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why is providing this necessary and important access to counsel so difficult for detention facilities, specifically the ability to talk in private and with enough time to discuss the cases? >> thanks congresswoman. a very good question. it's an area that we've been working towards for many years, to were access to counsel is one of our primary sort of responsibilities and something we take absolutely seriously. we have been working with the various facilities to increase access to counsel as you may be aware, we have we are providing our detain population with a number of monthly free minutes, so the they can only speak to their counsel, but to speak to
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their family members. we are also working on adding a virtual visitation option at all of our facilities, so when there is issues with access to phones, they can use other technology such as skype or other sort of technologies to stay in contact with their counsel. additionally, we are working with the department of justice to expand our legal orientation program, so that individuals could have access to free legal services. and we are working with our very vendors to look for other opportunities so that individuals may be able to speak with their counselors without some of the issues that you've identified. >> what is the timeline for this? why is it so difficult that someone is talking, let's just say to phone conversation, why are they still-limited in the amount of time that they can speak with their counsel?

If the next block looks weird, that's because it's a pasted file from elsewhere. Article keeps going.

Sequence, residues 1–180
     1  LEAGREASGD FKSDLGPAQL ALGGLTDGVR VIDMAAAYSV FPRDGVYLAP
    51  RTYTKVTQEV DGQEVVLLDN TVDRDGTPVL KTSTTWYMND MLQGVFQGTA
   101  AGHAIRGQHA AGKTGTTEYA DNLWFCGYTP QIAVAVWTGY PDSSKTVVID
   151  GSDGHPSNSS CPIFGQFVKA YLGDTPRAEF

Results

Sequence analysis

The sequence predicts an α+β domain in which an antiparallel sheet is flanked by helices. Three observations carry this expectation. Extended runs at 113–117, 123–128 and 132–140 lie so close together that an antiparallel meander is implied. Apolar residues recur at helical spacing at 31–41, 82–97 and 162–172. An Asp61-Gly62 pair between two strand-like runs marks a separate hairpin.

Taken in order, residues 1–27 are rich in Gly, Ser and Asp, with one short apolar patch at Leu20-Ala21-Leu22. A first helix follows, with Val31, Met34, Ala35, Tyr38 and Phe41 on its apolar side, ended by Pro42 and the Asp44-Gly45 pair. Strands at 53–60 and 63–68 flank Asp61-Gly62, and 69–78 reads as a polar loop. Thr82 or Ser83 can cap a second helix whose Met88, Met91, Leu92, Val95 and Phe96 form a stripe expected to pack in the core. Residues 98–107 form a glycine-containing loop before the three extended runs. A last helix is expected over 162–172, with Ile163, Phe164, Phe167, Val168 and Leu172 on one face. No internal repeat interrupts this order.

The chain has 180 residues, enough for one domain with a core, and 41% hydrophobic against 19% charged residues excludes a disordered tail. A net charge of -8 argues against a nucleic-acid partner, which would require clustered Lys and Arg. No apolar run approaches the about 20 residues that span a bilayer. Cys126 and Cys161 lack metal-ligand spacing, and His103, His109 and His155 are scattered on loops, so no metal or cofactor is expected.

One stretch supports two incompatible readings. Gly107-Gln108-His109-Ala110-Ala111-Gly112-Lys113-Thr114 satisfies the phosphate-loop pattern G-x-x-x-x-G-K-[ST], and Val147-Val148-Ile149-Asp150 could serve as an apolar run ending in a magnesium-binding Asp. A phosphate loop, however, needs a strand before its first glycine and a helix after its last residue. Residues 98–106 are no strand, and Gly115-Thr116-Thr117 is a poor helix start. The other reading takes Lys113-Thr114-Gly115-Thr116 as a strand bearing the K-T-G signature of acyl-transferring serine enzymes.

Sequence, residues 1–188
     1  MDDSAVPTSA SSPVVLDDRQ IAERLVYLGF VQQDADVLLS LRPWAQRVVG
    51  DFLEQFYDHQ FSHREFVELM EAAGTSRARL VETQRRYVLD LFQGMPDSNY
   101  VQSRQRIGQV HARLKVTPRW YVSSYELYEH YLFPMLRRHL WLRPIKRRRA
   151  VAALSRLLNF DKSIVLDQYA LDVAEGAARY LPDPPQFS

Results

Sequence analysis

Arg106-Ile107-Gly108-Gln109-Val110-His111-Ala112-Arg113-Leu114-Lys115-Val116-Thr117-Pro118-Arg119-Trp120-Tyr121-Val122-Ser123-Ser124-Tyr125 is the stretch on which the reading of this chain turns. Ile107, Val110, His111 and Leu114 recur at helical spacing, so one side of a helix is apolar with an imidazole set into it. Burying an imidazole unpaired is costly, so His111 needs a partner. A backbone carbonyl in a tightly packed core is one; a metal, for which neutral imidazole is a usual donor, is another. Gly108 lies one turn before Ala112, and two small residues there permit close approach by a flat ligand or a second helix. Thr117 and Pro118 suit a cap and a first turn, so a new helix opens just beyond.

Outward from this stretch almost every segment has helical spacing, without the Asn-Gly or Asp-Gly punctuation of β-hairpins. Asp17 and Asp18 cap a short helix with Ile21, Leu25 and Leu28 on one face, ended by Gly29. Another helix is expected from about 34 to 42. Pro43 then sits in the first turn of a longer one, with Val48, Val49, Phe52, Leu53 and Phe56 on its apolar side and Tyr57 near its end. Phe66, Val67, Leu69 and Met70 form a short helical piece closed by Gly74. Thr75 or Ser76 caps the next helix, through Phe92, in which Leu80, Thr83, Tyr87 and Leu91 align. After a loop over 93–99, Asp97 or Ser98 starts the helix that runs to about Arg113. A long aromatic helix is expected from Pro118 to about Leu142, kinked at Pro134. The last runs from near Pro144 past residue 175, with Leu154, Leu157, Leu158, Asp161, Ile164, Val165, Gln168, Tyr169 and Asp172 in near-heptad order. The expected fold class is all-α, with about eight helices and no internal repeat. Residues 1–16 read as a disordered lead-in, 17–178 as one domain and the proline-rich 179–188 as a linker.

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>> typically, there is different phones for talking to your legal representative thunder is for talking to your family or friends. the phones that have the ten or 15 minute limit are typically the phones that are in the housing units. and are really designed for keeping in contact with family and friends as opposed to speaking with lawyers. it's necessary, just given the small number of phones, to put a limit on how long an individual can talk, just so that everyone in the housing unit has an opportunity to use the phones. so, it's certainly something that we are we're aware, this issue is not all that prevalent in most of our facilities. but there are a handful of facilities, largely local jails, where we still have some work to be done and we are hoping that the legal orientation programs and our work with doj